When we began planning a trip to Puerto Rico, and planning to include our 14-year-old granddaughter, we sent her some of the material we were gathering and asked her what her priorities were. She, and we, both had El Yunque right near the top of the list.
Everyone we knew who had been there told us how marvelous it was, and we were certainly curious about what a tropical rain forest was like--it's the only tropical rain forest in the U.S. national parks and forests system. So, on our second full day, we set out to see it.
El Yunque is about a 40-45 minute drive east of San Juan. We left the highway before the park approach road; we'd read online about a wonderful bakery (panaderia) with good bread and sandwiches to buy for lunch. When we finally found it, however, it had gone out of business.
Undaunted, we continued on the road to the park, and were rewarded by finding a road-side food stand with many varieties of fried food. Delicious; my wife tried without success the rest of the trip to find an alcapurria that pleased her as much as the crab-filled fritter she had there.
The forest is open to the public without fee; the only charge is for those who use the El Portal Visitor Center, near the entrance...but it's a small fee and well worth it (especially for us, because our senior-citizen pass made it free). The impressive center, opened in 1996, is chock-full of information about the forest, how it differs from other kinds of forests, its ecological significance—and what activities are available.
Sadly, Wednesday was not our day, and that's the only day the Forest Service rangers have a guided tour. However, there are many private guides offering tours; we decided to follow the winding road through the forest, stopping to take pictures, take short walks (and a not-so-short one, of which more later).
That's not a bad strategy; it makes for an easy day, and everywhere you go in the forest, there are explanatory signs, in English and Spanish, describing what you are seeing, and what it means. That starts right from the Visitor Center, with signs like the ones just above and below. Although the Visitor Center is relatively new, many of the other facilities, including trails and shelters, were built in the 1930s by the Civilian Conservation Corps.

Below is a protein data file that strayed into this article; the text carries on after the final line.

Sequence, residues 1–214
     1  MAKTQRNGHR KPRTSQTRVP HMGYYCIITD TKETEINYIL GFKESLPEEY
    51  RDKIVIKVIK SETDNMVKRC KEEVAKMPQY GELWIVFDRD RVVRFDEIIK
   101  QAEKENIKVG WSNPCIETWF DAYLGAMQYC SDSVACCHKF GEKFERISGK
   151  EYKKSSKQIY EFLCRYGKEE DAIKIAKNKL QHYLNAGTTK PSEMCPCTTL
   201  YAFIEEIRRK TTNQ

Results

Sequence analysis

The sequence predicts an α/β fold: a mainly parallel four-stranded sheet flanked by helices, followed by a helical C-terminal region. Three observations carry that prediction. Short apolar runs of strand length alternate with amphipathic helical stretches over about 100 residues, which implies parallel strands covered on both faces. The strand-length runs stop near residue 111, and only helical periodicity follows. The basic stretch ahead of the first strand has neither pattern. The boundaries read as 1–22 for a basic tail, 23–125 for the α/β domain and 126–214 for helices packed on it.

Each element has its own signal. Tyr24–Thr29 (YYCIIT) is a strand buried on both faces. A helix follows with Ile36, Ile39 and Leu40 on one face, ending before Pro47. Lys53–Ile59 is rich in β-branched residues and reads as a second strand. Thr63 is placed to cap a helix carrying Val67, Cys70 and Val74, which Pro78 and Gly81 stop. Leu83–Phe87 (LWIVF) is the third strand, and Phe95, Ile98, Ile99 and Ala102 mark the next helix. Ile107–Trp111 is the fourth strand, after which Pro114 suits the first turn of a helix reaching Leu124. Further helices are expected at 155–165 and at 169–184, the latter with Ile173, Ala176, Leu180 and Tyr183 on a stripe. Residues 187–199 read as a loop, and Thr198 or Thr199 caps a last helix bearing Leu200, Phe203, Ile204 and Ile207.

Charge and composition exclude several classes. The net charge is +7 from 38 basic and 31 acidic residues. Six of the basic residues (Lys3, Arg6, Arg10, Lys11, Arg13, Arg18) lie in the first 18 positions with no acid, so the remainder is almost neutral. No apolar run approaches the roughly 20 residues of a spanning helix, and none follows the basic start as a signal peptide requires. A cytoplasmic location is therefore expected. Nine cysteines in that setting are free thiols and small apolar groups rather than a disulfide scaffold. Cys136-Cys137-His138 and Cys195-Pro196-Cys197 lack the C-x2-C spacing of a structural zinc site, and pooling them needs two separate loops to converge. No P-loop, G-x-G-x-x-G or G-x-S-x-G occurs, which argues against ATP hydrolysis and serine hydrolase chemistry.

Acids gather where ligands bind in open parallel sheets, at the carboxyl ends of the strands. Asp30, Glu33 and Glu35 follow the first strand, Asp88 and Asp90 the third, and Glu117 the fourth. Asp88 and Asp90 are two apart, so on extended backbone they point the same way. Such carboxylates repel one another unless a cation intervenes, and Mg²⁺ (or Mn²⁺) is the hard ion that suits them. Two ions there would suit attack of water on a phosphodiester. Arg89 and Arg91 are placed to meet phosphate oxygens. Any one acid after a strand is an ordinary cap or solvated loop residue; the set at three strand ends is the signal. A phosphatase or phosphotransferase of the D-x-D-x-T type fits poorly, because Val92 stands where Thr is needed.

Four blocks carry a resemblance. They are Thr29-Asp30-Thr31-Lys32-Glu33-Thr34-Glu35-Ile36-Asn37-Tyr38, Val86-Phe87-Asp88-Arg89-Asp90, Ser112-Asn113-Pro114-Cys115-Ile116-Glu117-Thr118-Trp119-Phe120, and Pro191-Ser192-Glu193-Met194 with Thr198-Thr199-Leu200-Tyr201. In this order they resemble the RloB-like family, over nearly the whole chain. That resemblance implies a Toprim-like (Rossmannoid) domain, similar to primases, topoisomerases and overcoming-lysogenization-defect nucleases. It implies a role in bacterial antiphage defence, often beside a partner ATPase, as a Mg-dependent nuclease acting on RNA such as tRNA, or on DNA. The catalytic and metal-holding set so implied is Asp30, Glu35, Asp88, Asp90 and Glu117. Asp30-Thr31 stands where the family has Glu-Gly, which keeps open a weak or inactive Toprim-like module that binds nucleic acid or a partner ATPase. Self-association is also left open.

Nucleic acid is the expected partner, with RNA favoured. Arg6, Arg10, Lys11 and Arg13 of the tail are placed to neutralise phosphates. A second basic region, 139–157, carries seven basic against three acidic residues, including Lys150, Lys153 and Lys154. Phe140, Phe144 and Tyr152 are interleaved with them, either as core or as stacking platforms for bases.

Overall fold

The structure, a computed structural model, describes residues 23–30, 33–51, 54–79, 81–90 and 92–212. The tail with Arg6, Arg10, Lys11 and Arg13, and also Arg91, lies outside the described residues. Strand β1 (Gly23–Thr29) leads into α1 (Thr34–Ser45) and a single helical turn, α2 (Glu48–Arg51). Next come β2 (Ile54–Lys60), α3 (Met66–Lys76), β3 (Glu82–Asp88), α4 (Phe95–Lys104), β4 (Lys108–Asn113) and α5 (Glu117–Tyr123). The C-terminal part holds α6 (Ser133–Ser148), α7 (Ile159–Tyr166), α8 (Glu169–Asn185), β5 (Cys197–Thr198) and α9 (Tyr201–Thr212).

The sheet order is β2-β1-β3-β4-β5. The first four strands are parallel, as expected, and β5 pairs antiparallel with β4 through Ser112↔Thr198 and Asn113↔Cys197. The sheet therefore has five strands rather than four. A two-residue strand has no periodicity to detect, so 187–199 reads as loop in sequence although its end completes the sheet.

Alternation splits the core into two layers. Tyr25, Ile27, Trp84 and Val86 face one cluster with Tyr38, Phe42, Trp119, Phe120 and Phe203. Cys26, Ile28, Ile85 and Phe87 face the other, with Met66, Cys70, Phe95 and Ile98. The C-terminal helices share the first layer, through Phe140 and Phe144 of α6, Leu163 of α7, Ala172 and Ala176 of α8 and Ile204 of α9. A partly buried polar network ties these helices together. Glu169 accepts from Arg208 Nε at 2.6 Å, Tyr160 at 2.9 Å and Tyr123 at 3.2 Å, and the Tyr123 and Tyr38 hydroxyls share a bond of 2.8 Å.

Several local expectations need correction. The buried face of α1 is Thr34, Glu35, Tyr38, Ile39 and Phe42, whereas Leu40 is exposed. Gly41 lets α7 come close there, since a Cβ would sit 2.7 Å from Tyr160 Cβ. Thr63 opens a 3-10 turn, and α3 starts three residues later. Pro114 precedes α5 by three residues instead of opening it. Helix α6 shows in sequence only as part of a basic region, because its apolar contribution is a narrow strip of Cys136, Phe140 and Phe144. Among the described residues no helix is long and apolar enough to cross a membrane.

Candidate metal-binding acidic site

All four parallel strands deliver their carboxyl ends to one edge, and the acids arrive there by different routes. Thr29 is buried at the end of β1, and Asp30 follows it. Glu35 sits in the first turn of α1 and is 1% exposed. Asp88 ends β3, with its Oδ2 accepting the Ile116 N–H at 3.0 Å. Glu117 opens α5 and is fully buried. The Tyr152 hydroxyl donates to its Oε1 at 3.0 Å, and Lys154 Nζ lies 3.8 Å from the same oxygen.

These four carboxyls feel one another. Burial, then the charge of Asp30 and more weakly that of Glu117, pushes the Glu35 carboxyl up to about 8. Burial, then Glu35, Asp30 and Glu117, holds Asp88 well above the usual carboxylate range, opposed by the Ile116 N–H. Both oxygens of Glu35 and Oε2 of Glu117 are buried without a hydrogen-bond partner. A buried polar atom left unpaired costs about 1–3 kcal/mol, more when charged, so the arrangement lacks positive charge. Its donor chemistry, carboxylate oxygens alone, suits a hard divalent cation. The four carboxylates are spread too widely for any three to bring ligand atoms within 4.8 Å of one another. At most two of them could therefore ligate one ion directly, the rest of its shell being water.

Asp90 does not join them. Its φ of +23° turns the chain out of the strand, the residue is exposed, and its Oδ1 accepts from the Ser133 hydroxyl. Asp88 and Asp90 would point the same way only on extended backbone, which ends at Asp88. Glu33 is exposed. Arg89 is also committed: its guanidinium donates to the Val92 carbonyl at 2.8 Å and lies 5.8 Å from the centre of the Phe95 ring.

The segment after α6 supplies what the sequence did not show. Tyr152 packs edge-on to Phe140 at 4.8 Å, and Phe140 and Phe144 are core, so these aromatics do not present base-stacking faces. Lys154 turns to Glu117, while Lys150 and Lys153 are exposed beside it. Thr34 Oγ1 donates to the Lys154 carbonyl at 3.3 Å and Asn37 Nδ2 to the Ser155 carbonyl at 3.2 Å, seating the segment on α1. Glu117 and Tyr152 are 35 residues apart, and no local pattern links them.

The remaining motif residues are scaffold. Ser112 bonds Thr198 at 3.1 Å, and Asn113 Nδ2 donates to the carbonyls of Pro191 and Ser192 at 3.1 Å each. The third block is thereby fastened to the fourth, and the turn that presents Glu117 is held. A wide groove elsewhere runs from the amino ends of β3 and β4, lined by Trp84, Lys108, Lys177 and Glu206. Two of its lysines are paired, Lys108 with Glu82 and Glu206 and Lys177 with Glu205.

At El Portal, we learned quite a bit reading the signs, and watching the orientation movie. One of the things we learned was that "rain forest" really means that. Just about every day, some of the time. Since we had foresightedly left our umbrellas in San Juan, we stopped at the gift shop to buy overpriced cheap ponchos, just in case. Then we set off up the road.
As we wound our way up the road, armed with a map from the Visitor Center, one of the things we noticed is that the road is very twisty and very narrow—and that a lot of people try to take their half out of the middle. Go slow and stick to the edge of your lane, though, and you'll be able to avoid oncoming SUVs, trucks, buses and the like...
Let's be clear: This is a big place, and no one can "do" it in a day. It has many trails, many falls, many sights and even a couple of observation towers. Its steep slopes get over 300 inches of rain a year. The steep rise results in its showing four different ecosystems. At the top, marked by sparse and stunted species, many unique to the forest, is the "dwarf forest." At the bottom is the dense Tabonuco Forest, named for its dominant species. In between, the Palo Colorado forest and the Sierra palm forest.
The many unique-to-here plants are matched by the animals. It's the main location for the rare Puerto Rico parrots, it's home to many species of "coqui," Puerto Rico's beloved native frog and there are many more rare or unique birds and animals to be found.